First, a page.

Outside-in guide

What is an outside-in approach?

In general terms, an outside-in approach is when an employer looks to fill a position with a suitable person outside the business. A Grow Your Own (GYO) outside-in approach is focused on increasing attraction, development and inclusive employment opportunities specifically for locals. In many instances, local job seekers may have otherwise faced barriers to employment. An inclusive recruitment approach allows and encourages people of all working ages, and socioeconomic and cultural backgrounds, to participate in paid work and provides a framework for their development.

The following are core elements for building successful outside-in programs:

  • organisational-wide support for the program
  • collaborative partnerships with workforce intermediaries to better connect with local residents
  • a well-considered program design that can be measured and evaluated
  • a central coordination mechanism to drive the program and link stakeholders


What does it involve?

An outside-in approach involves a set of strategies. Since health service providers vary in size, capacity and location your approach may not necessarily involve all of these strategies. The intent is to provide you with ideas and for you to select the strategies that may work best for you.

1.   Organisational strategies

  • Educate managers, department heads and others with recruitment authority about inclusive local employment goals and empower them to make program decisions.
  • Connect forecasting, training and recruitment departments as part of a GYO taskforce.
  • Provide those with recruitment authority with training to better support new hires.
  • Evaluate the organisation’s success at meeting local recruitment goals by including it as a key performance indicator (KPI) for those with recruitment authority.

2.   Partnership strategies

  • Identify potential community partners who share an understanding of the problem that needs to be resolved (e.g. high youth unemployment) and a common agenda to work collaboratively to address it.
  • Connect with a local council or chamber of commerce that is keen to maximise local economic development outcomes and who may be able to commit financial or human resources to support the program. Make use of their economic development research data, which may include information about the characteristics of the region (population, education and training, transport access etc).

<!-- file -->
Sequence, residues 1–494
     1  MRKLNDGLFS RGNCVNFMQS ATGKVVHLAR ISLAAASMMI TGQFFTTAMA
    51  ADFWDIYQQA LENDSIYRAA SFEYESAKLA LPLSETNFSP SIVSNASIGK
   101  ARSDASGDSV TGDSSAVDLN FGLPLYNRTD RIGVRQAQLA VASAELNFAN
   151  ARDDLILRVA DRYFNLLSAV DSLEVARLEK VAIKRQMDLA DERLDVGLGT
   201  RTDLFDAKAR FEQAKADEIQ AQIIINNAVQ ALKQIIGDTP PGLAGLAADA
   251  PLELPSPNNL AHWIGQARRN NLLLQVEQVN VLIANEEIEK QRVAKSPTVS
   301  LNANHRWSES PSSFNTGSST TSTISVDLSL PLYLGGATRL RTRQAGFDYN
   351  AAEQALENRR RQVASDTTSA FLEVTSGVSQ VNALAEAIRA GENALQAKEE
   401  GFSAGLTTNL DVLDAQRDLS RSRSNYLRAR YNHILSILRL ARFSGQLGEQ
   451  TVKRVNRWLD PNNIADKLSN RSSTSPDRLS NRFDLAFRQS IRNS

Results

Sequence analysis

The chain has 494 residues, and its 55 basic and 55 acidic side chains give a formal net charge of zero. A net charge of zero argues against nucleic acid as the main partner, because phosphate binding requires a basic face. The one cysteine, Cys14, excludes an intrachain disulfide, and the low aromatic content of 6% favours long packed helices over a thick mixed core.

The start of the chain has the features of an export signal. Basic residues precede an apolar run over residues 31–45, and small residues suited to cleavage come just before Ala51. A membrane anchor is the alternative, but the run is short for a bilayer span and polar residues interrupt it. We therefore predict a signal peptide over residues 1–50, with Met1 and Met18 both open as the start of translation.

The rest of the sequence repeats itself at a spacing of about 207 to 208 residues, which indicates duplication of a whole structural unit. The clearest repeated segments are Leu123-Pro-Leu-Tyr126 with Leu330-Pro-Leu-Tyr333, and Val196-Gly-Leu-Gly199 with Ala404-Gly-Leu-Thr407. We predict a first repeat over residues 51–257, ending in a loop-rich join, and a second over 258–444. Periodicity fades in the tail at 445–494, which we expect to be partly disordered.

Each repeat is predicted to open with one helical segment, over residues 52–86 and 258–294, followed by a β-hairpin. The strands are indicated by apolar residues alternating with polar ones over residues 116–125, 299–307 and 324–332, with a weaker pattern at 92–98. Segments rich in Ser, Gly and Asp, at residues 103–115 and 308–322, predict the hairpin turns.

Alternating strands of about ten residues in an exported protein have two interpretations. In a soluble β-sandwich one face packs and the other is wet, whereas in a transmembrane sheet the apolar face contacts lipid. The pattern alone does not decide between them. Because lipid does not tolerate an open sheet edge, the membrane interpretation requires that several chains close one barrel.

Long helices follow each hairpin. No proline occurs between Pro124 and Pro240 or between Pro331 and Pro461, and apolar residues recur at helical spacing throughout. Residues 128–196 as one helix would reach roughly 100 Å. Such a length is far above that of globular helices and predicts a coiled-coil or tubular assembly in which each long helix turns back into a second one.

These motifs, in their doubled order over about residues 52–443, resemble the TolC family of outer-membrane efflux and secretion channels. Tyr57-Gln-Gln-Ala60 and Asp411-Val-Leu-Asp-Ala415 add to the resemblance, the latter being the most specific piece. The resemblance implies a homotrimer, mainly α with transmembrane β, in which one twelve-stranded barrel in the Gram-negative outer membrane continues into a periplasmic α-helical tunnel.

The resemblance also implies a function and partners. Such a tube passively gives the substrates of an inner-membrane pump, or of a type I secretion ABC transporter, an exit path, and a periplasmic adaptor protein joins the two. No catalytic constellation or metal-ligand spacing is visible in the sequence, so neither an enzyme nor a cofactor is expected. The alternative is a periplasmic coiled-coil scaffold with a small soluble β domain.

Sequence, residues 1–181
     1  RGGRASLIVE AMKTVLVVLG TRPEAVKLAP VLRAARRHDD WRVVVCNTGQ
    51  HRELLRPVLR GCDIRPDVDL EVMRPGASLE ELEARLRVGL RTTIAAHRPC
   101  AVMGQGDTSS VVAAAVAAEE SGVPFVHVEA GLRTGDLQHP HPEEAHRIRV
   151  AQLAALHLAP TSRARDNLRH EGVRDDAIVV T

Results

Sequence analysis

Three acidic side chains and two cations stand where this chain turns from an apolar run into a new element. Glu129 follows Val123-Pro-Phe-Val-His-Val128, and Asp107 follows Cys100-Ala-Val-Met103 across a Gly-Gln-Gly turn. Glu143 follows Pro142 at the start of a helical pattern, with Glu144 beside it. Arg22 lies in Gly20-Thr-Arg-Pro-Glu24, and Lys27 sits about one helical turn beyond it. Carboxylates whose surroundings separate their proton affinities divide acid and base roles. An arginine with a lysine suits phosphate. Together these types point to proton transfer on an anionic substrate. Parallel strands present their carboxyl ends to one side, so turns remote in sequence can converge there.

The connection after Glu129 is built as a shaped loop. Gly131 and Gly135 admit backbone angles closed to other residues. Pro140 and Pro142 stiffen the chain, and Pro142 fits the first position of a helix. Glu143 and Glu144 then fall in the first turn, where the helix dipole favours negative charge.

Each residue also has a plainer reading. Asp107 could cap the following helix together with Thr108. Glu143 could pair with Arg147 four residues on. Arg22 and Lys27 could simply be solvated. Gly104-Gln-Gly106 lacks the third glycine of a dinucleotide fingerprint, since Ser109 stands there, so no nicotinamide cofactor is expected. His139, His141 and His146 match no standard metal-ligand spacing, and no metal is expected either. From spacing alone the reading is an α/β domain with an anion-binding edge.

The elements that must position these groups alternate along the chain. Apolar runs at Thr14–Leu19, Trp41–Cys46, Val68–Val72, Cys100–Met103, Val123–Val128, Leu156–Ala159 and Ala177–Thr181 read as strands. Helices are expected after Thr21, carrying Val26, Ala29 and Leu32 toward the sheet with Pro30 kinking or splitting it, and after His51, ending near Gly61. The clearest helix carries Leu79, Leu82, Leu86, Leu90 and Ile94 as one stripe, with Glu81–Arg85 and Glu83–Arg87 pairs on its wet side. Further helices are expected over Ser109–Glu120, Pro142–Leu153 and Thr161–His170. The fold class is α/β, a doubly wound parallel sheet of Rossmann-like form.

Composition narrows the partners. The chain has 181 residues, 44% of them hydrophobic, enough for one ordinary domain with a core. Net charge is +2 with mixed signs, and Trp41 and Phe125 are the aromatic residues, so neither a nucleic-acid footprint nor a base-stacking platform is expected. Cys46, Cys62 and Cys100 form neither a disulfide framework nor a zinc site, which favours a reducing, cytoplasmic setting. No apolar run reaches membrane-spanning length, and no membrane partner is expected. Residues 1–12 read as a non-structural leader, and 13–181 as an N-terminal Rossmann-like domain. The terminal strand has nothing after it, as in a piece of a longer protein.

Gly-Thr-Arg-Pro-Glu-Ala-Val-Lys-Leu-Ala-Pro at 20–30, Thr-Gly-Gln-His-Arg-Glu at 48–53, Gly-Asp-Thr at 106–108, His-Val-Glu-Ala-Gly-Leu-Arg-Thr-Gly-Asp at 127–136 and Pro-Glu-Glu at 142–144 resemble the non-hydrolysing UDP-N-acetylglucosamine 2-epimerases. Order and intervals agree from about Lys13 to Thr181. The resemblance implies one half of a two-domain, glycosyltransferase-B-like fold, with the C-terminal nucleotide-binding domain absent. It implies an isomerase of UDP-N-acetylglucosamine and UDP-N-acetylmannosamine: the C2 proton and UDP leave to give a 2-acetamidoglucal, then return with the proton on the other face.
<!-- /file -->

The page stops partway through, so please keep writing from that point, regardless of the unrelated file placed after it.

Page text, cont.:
• Partner with local schools, registered training organisation and /or a university to deliver training.
  • To source a diverse range of candidates from the widest possible talent pool, link with jobactives or not-for-profit groups focused on job placement, or a community group focused on serving particular populations such as Aboriginal or Torres Strait Islander job seekers, or migrant and refugee communities.
  • Collaborate with other local health service providers with similar skill needs to develop a larger training cohort and reduce training costs.

3.   Program design strategies

  • Raise awareness of health career pathways by holding events such as career days, Health Inspirations workshops and / or health career camps. Consider collaborating with other health, training and education providers in the local area to share resources, reduce costs and maximise engagement outcomes.
  • Boost interest in health careers by developing a paid internship program with genuine pathways to permanent employment. Partner with local schools and vocational education training providers to recruit students for internships and introduce them to a healthcare environment. Offer internships at different entry points, provide on-the-job training, mentoring, employment opportunities during their holidays, a separate application pathway to employment, and guaranteed interviews.
  • Create a cohort training model focused on specific, high-need positions to achieve economies of scale and reduce training costs.
  • Collaborate with workforce partners to collect data, track success and measure impact.

It is important to note that this is only a guide. It would be wise to consider an outside-in approach in tandem with other workforce strategies as it may not be sufficient to meet workforce demand on its own.

Designing an outside-in local recruitment program

Acknowledgement: The Democracy Collaborative, workforce toolkit for hospitals and health systems inspired and informed the Outside-in / Inside-up concepts and resources featured on this website. See: http://hospitaltoolkits.org/

Designing an outside-in local recruitment program

This interactive infographic provides links to useful resources, case studies and contacts.